COVID-19: What people over 60 and people with chronic conditions should do
Mary Tinetti, MD, is Chief of Geriatrics at Yale and an international expert in care for the geriatric population, notably in clinical decision-making for older adults with multiple health conditions, measuring the net benefit and harms of commonly used medications, and the importance of cross-disease universal health outcomes.
Richard Marottoli, MD, MPH, is the medical director of the Dorothy Adler Geriatric Assessment Center at Yale New Haven Hospital. He also directs the Connecticut Older Adult Collaboration for Health (COACH), a partnership between healthcare organizations and public health agencies, primary care providers, geriatricians, and community-based organizations in the Greater New Haven and Bridgeport area.
In this guide, they share what is currently known about the COVID-19 outbreak and older adults, and steps that older adults and caregivers can do to stay healthy. They also suggest actions that local governments can take to assist this population.
What We Know
- The illness enters the body through the nose, eyes, or mouth, and then proceeds to the lungs. This is why we are advised to avoid touching your face or to be in crowded situations in which particles expelled through coughing and sneezing might be inhaled.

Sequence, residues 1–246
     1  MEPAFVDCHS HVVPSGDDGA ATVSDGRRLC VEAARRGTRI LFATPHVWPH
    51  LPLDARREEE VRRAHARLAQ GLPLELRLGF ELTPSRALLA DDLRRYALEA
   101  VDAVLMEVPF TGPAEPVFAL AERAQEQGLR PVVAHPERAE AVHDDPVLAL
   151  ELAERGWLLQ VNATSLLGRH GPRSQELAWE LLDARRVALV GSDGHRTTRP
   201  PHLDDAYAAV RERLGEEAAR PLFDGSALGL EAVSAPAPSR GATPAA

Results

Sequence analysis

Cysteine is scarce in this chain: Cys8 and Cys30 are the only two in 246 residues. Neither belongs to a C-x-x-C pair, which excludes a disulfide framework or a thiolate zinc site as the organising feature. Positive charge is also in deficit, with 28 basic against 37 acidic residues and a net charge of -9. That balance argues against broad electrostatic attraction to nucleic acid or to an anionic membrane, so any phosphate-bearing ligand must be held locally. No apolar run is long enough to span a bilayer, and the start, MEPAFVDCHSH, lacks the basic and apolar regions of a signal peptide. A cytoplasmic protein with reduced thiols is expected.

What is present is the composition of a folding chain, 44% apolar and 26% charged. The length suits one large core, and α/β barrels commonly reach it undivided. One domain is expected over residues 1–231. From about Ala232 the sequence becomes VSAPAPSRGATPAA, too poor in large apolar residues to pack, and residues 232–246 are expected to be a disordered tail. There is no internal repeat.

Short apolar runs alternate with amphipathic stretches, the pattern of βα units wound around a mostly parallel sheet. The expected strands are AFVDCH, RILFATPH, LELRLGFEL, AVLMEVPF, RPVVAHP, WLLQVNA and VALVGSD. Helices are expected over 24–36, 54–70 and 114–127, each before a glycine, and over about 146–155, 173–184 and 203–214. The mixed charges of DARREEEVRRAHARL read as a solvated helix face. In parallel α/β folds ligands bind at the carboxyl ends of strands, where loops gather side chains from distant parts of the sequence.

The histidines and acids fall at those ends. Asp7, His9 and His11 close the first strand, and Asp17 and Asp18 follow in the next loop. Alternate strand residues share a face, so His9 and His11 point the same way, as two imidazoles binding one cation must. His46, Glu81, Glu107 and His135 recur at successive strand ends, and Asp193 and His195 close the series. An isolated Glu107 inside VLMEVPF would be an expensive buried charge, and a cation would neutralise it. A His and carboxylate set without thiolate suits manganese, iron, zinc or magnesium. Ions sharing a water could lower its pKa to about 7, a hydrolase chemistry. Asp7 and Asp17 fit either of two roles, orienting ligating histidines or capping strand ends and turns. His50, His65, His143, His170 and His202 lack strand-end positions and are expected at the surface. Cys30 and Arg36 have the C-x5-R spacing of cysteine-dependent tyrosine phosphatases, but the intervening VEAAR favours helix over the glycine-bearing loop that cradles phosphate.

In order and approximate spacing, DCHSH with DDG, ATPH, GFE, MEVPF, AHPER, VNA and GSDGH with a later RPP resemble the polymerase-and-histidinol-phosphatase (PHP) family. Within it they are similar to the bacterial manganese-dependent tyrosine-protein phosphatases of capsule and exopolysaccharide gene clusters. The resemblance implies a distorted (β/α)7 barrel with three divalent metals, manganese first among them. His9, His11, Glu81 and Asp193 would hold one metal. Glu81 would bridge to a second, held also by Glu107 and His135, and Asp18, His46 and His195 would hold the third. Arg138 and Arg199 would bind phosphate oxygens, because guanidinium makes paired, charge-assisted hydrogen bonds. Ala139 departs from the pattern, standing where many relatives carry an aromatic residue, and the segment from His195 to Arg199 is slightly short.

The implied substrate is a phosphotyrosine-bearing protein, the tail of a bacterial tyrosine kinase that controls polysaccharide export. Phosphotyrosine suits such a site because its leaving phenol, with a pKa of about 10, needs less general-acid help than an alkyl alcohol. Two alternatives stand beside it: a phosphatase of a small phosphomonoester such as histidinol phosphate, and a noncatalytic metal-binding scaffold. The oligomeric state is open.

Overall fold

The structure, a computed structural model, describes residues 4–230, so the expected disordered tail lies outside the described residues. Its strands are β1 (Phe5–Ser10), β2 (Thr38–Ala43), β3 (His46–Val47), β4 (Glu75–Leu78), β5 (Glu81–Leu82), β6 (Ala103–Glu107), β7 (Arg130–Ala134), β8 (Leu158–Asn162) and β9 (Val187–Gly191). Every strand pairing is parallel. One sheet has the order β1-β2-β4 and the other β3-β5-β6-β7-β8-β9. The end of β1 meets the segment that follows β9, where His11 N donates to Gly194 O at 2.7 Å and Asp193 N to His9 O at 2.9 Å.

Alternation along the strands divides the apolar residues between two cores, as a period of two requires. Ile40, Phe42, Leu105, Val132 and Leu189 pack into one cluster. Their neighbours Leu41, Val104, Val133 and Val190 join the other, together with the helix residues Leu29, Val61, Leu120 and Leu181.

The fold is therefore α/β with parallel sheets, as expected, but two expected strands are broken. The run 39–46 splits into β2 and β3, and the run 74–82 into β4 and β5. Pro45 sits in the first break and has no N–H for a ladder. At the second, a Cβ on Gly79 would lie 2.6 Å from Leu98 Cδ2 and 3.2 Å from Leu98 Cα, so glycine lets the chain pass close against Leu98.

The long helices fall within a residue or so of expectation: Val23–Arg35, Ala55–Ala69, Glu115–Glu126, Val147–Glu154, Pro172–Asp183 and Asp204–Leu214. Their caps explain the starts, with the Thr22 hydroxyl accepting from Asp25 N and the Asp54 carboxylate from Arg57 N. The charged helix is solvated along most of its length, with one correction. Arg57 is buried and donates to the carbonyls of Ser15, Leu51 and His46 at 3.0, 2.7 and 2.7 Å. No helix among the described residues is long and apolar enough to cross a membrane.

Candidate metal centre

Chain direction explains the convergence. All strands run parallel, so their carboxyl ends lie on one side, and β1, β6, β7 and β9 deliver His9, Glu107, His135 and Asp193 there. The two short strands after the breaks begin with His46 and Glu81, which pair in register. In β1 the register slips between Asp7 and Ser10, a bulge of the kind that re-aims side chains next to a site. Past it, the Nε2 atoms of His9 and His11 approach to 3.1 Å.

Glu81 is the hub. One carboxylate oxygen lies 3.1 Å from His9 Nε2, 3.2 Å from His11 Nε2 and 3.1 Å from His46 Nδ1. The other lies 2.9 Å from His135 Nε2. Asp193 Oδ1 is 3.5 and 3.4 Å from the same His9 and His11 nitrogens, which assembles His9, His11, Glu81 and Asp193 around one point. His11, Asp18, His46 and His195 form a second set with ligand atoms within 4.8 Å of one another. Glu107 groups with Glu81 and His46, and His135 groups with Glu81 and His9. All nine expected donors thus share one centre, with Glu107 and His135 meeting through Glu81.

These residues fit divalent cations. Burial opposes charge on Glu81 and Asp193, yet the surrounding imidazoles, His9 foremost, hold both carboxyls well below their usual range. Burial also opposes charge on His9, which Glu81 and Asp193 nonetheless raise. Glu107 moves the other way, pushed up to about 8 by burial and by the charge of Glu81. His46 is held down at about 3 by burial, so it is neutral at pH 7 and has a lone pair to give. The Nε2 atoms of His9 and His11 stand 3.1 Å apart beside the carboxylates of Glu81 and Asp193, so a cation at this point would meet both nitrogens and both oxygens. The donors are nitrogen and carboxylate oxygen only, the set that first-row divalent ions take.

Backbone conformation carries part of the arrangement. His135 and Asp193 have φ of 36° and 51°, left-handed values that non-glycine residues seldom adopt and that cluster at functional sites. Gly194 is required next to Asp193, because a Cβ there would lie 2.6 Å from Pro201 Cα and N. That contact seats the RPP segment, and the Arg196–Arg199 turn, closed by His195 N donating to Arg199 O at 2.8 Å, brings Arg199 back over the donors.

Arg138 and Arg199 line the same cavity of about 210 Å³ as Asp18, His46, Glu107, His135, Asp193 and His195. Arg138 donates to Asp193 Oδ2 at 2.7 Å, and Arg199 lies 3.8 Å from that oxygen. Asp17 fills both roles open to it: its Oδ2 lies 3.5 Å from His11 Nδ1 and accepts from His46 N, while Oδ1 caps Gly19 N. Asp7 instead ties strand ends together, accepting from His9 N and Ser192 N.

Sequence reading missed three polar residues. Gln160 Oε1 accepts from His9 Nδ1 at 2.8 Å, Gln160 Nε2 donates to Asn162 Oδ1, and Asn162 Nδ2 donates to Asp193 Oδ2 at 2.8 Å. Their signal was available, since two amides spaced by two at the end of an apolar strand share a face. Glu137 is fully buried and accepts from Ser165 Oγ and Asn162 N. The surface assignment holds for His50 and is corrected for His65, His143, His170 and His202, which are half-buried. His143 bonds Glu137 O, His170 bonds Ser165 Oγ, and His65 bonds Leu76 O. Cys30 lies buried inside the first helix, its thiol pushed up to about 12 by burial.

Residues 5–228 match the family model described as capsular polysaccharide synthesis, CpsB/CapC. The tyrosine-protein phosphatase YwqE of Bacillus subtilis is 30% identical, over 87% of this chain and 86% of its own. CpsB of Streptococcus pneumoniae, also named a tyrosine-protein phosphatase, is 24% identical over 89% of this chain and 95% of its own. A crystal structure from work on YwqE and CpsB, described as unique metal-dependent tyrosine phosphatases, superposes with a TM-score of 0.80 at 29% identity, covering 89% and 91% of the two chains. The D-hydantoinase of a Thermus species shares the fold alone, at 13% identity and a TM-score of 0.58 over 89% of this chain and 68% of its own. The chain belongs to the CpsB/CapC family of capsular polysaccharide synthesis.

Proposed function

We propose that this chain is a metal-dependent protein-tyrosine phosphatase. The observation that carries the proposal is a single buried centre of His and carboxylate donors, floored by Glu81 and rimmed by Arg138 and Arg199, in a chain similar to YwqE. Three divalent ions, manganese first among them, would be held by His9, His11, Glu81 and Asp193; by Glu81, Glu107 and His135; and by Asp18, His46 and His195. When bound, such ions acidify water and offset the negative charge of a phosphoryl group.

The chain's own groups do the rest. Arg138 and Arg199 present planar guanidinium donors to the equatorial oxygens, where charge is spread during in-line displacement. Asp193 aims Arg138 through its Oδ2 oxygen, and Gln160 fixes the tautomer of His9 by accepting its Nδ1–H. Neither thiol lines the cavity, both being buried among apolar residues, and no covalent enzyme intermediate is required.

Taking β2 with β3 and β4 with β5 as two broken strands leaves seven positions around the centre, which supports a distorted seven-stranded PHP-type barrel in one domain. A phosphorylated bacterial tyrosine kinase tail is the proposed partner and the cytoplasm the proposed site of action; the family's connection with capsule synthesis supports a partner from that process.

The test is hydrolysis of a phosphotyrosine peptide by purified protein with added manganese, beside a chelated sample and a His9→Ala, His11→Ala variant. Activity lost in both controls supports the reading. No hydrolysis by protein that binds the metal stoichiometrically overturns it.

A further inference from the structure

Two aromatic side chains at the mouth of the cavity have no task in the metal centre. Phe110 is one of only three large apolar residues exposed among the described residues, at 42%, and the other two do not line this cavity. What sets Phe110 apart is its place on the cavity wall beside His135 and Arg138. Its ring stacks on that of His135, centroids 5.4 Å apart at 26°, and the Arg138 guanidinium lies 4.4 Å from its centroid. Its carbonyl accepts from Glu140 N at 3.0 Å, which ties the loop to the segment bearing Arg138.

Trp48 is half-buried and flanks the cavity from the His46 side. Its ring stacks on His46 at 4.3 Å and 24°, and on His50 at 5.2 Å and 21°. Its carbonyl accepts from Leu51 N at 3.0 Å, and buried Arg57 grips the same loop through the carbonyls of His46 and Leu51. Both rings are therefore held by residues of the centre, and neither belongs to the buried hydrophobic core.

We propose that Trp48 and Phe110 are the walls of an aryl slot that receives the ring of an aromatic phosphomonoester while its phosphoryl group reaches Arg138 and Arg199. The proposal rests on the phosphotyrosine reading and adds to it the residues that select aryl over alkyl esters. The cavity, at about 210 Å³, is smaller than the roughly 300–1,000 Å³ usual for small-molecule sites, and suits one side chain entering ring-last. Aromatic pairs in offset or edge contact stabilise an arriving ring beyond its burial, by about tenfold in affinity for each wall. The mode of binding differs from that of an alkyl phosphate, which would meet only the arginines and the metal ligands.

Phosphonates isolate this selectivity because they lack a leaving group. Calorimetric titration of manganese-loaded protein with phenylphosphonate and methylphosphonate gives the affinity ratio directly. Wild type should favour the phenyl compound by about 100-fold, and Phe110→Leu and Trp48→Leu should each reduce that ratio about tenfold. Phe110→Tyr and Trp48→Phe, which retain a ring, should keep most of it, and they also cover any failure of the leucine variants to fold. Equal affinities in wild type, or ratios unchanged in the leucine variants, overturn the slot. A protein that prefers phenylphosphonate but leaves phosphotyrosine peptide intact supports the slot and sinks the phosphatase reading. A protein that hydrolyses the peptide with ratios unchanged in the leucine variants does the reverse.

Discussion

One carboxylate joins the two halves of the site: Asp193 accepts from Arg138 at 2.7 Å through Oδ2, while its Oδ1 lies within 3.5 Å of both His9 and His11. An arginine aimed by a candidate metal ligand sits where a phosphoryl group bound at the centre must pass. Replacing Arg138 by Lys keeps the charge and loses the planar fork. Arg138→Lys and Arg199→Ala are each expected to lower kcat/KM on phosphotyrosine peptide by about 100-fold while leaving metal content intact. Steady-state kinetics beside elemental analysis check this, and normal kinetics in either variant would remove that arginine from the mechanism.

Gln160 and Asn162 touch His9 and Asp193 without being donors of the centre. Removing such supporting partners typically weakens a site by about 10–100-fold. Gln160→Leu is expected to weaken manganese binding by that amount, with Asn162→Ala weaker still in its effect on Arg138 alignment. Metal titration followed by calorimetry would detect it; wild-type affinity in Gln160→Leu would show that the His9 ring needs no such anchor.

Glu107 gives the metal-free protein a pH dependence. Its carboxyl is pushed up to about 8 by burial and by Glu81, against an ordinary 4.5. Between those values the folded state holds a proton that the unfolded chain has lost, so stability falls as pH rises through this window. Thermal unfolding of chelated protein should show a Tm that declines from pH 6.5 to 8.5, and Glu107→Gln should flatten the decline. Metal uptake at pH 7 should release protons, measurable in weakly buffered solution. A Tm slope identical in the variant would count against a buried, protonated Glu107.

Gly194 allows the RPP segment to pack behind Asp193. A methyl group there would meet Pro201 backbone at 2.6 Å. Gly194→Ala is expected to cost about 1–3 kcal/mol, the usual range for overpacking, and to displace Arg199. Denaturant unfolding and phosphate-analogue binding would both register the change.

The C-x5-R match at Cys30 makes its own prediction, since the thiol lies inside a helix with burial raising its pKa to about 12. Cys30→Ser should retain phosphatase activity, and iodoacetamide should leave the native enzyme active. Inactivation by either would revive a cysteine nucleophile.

- Older age (over 60 and particularly over age 70) are at highest risk for death or severe illness with COVID-19.
- Communities that have a lot of contact between younger and older adults contacts, particularly if they are living together, may have faster transmission of the virus and worse disease severity, including death.
- Unfortunately, people over 60 staying isolated from others appears to be one of the most effective ways to reduce deaths or need for prolonged critical hospital care.
- While school closing may decrease overall spread, it also may inadvertently bring grandparents and children into closer and more frequent contact.
What Older Adults and Caregivers Need To Do